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by Marc Hustvedt and Neetzan Zimmerman
Human or Machine? Who really knows what videos you're going to like best? Online video curation is in a heated battle between algorithmic curation and human, editorial selection. Let's settle this debate once and for all. The war of humans versus machines has hit the battlefield of online video curation. Recommendation engines and discovery algorithms are rapidly taking over on some of the world's biggest video sites including YouTube. But a tight band of master human curators are fighting back, like Philip DeFranco and Neetzam Zimmerman (The Daily Wh.at). This session will take test subjects from the audience in a blind face-off to see whether the humans can beat the picks of YouTube's "AL" algorithm. Session is hosted by Marc Hustvedt (Chill, Tubefilter)
In the wake of the Japan tsunami disaster derived from one of Japan’s largest earthquakes in record history, over 52.6 million viewers tuned into Ustream to watch the catastrophe in real-time. Viewers around the world united on Ustream to watch the events unfold live and search for any mention of their loved ones through the integrated Social Stream / chat experience. The power of Ustream affected major Japanese news networks that immediately syndicated their aerial news footage directly to Ustream’s platform in order to enhance global distribution.
In this session, we will discuss how live video sharing heightens the true value of its purpose and impact on the world. It is instilling the need among personal and professional communities to integrate live video into their way of life and business. Live broadcasted content is growing exponentially causing more memorable moments to be shared with the entire world through non-traditional media and platforms. The growing interest speaks to how sophisticated live video technology is enhancing. Sharing live moments is no longer associated with standard televisions. Instead, syndication of live content is accessible through computers, smart TVs, streaming devices, and more.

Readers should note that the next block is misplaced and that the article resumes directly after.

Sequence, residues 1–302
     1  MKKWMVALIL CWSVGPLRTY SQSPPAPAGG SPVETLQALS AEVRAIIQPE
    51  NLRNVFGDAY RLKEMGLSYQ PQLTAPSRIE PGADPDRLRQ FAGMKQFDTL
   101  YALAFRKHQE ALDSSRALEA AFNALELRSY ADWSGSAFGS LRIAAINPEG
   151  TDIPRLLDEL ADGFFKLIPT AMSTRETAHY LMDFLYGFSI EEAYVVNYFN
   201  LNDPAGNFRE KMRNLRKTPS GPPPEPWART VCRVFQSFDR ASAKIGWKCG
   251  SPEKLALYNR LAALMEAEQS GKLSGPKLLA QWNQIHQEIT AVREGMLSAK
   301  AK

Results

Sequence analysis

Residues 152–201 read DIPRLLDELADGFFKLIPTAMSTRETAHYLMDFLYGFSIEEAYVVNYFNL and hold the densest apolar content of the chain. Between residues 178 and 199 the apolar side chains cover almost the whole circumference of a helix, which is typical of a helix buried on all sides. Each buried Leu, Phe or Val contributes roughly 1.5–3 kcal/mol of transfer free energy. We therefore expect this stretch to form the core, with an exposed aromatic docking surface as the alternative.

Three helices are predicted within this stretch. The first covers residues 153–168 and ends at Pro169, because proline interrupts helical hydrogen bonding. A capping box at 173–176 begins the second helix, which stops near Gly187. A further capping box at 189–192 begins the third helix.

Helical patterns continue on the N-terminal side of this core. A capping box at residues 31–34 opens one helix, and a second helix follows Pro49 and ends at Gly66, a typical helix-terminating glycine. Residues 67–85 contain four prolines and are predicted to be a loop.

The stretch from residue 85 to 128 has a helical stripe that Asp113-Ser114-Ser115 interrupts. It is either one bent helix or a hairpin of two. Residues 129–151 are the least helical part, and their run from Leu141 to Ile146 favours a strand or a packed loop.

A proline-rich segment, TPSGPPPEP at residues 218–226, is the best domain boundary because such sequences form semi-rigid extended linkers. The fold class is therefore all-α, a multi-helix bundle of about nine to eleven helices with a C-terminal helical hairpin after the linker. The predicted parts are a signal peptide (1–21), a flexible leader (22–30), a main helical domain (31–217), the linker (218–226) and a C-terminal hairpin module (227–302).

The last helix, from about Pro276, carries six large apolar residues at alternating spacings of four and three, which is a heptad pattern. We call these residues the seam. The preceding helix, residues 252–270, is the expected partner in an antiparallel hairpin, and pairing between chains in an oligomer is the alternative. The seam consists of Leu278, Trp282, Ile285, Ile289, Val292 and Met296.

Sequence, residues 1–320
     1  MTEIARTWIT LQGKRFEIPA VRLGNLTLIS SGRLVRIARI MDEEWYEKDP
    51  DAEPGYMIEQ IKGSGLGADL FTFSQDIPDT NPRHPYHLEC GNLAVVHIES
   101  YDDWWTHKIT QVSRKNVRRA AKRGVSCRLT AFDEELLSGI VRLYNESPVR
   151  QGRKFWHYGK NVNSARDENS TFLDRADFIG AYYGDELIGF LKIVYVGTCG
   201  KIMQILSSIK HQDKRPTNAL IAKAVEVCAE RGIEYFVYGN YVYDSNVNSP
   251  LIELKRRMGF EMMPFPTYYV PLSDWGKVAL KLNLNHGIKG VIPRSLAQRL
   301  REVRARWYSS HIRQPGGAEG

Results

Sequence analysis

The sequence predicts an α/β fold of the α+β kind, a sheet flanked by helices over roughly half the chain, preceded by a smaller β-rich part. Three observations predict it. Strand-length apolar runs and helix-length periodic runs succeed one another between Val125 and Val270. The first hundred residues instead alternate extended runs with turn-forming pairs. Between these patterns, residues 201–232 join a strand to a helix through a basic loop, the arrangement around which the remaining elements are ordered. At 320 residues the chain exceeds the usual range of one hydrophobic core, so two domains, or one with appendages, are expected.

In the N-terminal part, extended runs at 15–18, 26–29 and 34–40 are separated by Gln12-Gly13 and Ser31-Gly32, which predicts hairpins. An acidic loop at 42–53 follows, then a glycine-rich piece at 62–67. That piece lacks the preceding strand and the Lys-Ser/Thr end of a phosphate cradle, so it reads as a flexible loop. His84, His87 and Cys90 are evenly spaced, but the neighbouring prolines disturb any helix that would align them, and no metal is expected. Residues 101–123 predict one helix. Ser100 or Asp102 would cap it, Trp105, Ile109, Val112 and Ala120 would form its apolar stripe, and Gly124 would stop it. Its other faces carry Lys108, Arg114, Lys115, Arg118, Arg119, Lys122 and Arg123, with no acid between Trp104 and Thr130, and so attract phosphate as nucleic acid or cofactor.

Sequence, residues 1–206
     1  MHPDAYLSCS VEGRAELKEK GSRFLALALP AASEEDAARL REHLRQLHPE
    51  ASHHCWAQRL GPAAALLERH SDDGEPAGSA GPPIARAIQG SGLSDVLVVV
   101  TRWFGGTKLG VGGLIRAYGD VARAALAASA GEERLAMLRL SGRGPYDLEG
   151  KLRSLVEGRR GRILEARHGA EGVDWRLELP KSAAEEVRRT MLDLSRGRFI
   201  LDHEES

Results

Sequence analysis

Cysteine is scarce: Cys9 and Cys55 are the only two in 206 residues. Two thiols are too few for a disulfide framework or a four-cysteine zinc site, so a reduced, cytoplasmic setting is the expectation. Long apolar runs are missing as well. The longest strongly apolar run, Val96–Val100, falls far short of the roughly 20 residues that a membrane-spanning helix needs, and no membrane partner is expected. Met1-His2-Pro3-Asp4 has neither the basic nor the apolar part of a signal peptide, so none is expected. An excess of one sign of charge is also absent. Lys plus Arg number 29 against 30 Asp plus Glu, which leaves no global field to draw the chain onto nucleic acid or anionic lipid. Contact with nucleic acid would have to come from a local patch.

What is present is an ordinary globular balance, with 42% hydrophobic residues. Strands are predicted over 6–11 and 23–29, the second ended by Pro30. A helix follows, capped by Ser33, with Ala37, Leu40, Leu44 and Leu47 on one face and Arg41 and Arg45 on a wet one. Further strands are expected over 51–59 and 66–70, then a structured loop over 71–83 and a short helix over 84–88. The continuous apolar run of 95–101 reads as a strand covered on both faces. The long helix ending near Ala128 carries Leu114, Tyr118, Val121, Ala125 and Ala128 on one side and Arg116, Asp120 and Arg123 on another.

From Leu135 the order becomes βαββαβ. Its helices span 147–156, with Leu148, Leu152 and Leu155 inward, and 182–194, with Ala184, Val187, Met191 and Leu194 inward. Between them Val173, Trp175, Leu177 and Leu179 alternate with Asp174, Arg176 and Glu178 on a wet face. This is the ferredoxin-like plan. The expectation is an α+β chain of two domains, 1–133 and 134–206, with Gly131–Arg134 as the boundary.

Video needs to be accessible too, and both the technology and the legal environment is evolving. Accessible media is already available online at some major media sites and the work done by providers can inform work that others will need to undertake. This panel will help attendees understand what is required and how tooling for developers can help, and share information about challenges encountered and strategies employed by major video content providers in order to integrate the production processes for broadcast and online video delivery.
There is a clear path to success with online video, but it's counter to conventional wisdom and everything you've learned about traditional media. Learn from the best in the business how producers are creating sustainable series, growing audiences and brand so they can hire staffs and production companies to support them and become the new media mogul. The answers to how and why they do this, and succeed, will surprise you.
New technology is paving the way for journalists to tell amazing stories in a cinematic way. At the crossroads of creativity and innovation, Cinematic journalism at SXSW takes a moment to discuss style, tone, and quality in journalism. Consumers have less time then ever and can get their news anywhere. The elements and authenticity of cinema makes it easy to get lost in a story. Video journalists can now apply that authenticity to non-fiction storytelling that arrests the audience with the stories of our time - but should they? Does the viewer care? As the ease and quality of cinematic execution increases - we must all remember the most important element: What's the story?
9th–13th March 2012